Selective Functional Movement Assessment (SFMA)

HomeSelective Functional Movement Assessment (SFMA)

Selective Functional Movement Assessment (SFMA)

What is Selective Functional Movement Assessment (SFMA)?

Selective Functional Movement Assessment (SFMA)The SFMA is designed for patients who have a musculoskeletal complaint (neck pain, back pain, shoulder pain, etc) and want to find the root cause of the problem. There are two parts to a musculoskeletal complaint:

  1. The site of the pain. This one is very easy for most clinicians. With a good history, exam special imaging or testing the source of your pain can be found. However, treating the source works may short term, but the problem will often return if the source is not found and addressed
  2. The source or cause of the pain many times is different than the site. However, without finding the source, you may not fully recover or have recurrent exacerbations of your condition. The SFMA is designed to find the cause.

The SFMA is made up of 7 top tier tests, which evaluation your global movement patterns. Each of these tests look at your Mobility or ROM, Stability and Balance and mimic movements from your everyday lift.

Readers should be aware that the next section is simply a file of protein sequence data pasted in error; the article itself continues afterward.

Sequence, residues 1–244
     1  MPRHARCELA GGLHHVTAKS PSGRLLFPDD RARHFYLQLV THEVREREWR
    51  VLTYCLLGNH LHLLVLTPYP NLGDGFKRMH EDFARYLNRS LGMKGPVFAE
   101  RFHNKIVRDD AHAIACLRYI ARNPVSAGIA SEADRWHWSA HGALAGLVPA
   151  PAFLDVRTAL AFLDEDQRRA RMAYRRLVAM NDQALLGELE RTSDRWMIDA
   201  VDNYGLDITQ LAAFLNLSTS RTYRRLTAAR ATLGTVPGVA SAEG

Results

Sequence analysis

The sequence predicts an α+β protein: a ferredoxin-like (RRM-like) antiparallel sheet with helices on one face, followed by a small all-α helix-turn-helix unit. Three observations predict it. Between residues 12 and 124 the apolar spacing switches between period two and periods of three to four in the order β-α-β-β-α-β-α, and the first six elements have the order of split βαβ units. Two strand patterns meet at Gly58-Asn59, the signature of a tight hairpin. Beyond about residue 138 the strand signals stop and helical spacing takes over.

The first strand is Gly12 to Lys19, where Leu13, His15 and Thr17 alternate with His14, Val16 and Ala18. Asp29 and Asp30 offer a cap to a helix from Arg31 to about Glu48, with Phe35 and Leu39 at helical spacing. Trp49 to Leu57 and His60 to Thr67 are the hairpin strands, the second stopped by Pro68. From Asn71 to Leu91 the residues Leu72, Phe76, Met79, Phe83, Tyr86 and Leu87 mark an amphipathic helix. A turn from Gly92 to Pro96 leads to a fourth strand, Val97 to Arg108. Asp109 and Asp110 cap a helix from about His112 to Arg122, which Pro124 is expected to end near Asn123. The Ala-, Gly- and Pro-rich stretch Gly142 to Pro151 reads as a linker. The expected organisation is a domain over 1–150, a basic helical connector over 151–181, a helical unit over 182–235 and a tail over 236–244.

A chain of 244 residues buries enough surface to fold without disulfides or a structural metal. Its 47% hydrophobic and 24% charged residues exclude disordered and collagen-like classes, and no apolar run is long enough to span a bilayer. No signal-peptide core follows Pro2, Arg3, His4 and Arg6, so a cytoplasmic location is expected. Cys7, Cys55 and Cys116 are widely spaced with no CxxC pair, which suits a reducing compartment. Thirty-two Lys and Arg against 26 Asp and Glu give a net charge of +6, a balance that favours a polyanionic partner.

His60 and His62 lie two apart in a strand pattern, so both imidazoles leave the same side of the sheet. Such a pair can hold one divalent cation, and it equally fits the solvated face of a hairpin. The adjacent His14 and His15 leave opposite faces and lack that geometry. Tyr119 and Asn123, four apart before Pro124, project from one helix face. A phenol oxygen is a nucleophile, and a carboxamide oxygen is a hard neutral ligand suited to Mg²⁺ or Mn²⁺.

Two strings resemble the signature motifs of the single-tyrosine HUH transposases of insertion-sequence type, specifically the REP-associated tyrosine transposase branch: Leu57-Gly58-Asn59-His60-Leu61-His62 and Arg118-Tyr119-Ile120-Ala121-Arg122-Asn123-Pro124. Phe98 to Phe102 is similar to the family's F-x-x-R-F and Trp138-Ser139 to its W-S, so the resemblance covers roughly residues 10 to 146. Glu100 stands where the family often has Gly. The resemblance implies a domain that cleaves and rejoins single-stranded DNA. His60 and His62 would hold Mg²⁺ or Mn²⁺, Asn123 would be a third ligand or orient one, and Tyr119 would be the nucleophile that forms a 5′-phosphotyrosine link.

After the top tier tests, a more complex exam will be conducted to find the root cause or source of your problem. From there a specific Manual Therapy and Rehab Exercise program can be prescribed just for you.

In-Depth Information about SFMA (from

“The Selective Functional Movement Assessment (SFMA) is a series of 7 full-body movement tests designed to assess fundamental patterns of movement such as bending and squatting in those with known musculoskeletal pain. When the clinical assessment is initiated from the perspective of the movement pattern, the clinician has the opportunity to identify meaningful impairments that may be seemingly unrelated to the main musculoskeletal complaint, but contribute to the associated disability. This concept, known as Regional Interdependence, is the hallmark of the SFMA.

The assessment guides the clinician to the most dysfunctional non-painful movement pattern, which is then assessed in detail. This approach is designed to complement the existing exam and serve as a model to efficiently integrate the concepts of posture, muscle balance and the fundamental patterns of movement into musculoskeletal practice. By addressing the most dysfunctional non-painful pattern, the application of targeted interventions (manual therapy and therapeutic exercise) is not adversely affected by pain.

SFMA offers doctors and physical therapists a new approach to the treatment of pain and dysfunction. Our standardized clinical model ensures isolating the cause of injury and efficient care.”

Strength and Fatigue